Do you need Planning Permission to build a garden office

This is one of the first questions you should ask when buying a garden office. The answer depends on where you live, the shape of garden office you are building and how close to the boundaries of your garden you want to site it, and the type of work you will undertake in it.

Luckily though in many cases a garden office can be built without Planning Permission as long as the building complies with the Permitted Development rules. These rules are clearly stated on the Planning Portal and your garden office supplier will be able to advise you.

Where you live will dictate whether you need Planning Permission to build a garden office

If you live in a Listed Building in a National Park, the Broads, an Area of Outstanding Natural Beauty, Conservation Area or World Heritage Site you will need to apply for Planning Permission whatever size or shape garden office you are planning to build.

Where you site your garden office and its dimensions are important if you are building under Permitted Development rules

As we mentioned earlier you can often build a garden office under Permitted Development rules. To do so you must comply with the strict rules on the height of the building and how close it is to any of the boundaries in your garden. Here is an overview of the Permitted Development rules for garden offices – you will find the definitive guide here

  • You need to apply for Planning Permission to build a garden office if you want to site it in your front garden.

Garden office permitted development 1 800 x 400

  • If you want to site your garden office within 2 meters of any boundary it must be under 2.5 meters high – in many cases this dictates a flat roofed garden office.

Garden office permitted development 4 800 x 400

  • If you want to build a mono pitched garden office then it must be sited at least 2 meters from each boundary. It must also be no more than 2.5 meters high at the eaves and 3 meters at the highest point of the roof.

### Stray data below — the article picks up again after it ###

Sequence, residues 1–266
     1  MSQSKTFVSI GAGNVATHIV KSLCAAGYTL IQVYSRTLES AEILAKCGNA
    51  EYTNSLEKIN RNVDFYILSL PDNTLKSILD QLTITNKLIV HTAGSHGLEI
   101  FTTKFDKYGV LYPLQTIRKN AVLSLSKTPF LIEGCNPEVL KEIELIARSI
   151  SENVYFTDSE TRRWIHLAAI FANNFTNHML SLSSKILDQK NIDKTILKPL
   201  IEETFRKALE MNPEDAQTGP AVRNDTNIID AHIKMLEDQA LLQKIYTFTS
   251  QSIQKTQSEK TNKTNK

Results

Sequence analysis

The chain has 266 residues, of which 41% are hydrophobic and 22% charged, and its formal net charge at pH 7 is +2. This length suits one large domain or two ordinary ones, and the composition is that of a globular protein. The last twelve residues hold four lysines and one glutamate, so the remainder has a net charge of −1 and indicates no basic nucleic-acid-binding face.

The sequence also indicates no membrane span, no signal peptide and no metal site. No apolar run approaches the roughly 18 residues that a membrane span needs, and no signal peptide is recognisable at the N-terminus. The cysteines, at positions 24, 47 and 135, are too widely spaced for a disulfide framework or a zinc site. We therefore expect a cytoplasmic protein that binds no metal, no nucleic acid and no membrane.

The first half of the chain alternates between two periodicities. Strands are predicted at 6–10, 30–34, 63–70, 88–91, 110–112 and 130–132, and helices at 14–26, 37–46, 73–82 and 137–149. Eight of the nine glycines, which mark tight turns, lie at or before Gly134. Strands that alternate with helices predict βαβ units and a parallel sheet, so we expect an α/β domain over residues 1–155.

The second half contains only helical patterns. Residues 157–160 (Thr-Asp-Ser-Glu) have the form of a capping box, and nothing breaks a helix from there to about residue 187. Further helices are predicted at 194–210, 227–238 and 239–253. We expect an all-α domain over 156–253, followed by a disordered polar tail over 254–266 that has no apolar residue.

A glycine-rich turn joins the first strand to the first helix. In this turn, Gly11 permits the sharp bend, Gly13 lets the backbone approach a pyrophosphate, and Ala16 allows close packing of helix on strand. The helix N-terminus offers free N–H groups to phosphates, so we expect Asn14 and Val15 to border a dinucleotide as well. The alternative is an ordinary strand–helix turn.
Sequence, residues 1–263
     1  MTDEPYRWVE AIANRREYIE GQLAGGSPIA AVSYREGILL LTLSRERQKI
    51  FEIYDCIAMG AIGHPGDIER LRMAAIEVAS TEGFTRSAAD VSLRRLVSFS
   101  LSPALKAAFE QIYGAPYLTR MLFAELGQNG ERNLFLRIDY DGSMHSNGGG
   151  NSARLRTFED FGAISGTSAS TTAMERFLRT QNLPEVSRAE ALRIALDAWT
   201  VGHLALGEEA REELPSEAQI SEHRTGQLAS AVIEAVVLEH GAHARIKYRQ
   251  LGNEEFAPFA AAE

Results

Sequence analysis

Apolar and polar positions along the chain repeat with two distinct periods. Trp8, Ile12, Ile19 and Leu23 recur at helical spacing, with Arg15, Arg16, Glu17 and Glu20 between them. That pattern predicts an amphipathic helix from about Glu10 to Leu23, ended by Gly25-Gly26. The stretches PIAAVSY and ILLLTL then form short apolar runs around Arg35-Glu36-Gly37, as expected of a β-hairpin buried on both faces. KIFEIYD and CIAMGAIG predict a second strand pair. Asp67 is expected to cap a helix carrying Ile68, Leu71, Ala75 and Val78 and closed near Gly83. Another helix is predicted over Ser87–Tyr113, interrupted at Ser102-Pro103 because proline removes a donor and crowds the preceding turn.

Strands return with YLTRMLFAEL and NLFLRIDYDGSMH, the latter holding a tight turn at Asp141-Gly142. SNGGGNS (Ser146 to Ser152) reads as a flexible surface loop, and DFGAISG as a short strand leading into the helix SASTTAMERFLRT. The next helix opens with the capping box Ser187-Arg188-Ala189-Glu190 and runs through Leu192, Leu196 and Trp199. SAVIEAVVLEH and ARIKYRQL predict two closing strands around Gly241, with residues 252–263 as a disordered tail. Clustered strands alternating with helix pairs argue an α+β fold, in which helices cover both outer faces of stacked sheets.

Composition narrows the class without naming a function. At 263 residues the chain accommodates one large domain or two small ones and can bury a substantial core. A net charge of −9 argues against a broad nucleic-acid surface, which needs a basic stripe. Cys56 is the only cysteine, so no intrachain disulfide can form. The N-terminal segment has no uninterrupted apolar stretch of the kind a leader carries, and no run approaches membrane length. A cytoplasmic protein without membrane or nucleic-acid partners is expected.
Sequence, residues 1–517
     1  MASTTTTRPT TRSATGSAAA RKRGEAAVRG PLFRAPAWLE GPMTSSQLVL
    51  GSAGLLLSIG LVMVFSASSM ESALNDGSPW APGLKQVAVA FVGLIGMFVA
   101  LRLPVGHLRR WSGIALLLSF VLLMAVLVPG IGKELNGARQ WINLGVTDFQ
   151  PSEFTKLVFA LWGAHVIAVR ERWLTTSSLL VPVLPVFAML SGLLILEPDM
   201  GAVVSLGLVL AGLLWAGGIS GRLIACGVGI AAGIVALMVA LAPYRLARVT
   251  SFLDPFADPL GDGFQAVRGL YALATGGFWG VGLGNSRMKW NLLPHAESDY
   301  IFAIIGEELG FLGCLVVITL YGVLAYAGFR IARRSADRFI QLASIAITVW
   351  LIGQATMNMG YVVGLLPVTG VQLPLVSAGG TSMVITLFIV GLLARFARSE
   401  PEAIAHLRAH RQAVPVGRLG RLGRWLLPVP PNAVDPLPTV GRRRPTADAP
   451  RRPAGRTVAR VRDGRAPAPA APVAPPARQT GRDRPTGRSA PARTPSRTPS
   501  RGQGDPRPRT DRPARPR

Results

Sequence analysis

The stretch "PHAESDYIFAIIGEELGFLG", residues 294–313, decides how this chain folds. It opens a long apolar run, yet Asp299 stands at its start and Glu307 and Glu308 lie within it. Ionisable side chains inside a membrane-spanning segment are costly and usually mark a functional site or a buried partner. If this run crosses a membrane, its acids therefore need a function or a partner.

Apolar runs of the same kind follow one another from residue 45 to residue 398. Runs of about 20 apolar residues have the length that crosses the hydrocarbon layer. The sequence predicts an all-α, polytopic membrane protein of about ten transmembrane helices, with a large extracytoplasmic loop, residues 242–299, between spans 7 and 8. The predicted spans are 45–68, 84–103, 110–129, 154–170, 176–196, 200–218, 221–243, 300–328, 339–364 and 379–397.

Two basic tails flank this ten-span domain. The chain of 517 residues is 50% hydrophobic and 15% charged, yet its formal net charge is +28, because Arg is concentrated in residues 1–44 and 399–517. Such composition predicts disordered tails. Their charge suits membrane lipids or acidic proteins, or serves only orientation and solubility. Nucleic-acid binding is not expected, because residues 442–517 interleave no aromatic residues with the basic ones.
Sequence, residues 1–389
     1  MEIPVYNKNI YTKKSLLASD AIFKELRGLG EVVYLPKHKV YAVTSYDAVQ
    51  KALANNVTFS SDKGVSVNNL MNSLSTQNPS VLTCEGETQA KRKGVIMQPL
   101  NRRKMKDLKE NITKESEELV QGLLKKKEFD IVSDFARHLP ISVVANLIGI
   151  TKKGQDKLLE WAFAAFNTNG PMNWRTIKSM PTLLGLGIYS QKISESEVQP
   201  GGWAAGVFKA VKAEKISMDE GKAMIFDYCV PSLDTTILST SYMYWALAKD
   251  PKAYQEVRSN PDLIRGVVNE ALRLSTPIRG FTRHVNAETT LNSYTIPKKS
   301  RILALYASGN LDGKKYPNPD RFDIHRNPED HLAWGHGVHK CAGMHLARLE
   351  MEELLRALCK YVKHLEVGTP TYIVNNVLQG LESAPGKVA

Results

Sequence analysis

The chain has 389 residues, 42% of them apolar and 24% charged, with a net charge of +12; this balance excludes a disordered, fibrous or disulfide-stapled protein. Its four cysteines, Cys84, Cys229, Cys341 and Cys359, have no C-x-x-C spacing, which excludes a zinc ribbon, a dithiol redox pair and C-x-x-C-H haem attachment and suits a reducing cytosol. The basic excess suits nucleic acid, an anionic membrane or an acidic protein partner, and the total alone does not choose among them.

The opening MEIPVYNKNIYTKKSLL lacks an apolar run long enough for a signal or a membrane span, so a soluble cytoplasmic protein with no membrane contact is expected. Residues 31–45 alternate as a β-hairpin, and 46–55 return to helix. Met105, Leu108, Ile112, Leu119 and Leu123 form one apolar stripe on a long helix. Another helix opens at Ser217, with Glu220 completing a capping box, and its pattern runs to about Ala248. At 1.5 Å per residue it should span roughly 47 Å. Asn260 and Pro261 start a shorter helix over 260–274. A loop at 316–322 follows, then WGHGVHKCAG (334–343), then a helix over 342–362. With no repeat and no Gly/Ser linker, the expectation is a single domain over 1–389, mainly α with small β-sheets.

Garden office permitted development 3 800 x 400

  • If you are thinking of a dual pitch roofed building then it must be sited at least 2 meters from each boundary. It must also be no more than 2.5 meters high at the eaves and 4 meters at the ridge – the highest point of the roof.

Garden office permitted development 2 800 x 400

  • Any veranda or deck outside your office must be no higher than 300mm from the ground.

Garden office permitted development 5 800 x 400

The Permitted Development rules also say that outbuildings such as the garden office and any sheds you have plus any extensions to your house must not cover more than 50% of your garden.

Your garden office supplier will be able to advise you on these rules when they visit you to undertake a survey.

The type of work you’ll do in your office may mean you’ll need to apply for Planning Permission

When building under Permitted Development the new building should be incidental to enjoyment of the main house. Not all types of work undertaken in a garden office comply with this. The Planning Portal has a section dedicated to working from home and the need to apply for Planning Permission – please check it out.

What if you do need Planning Permission to build a garden office

Don’t be put off if your project does require you to apply for Planning Permission. Many suppliers tell us that they have a 100% success rate for Planning applications. In many cases your garden office supplier will handle the whole process for you – you will have to pay the application fee which in our area (Wiltshire) is currently £174.

If your supplier does not handle the Planning process for you then they should supply you with the relevant drawings and details for you to make the application yourself. It’s actually quite a straightforward process and application forms normally have detailed guidance notes.

The process can take up to 12 weeks for a decision to be made. Your local Planning Department will contact your neighbours to ask their opinion on your proposed development. We always think it’s a good idea to talk to your neighbours before you submit your application. Show them the plans and tell them the type of work you will be doing in the new building and the hours you might keep. Experience tells us that an informed neighbour is a happy neighbour.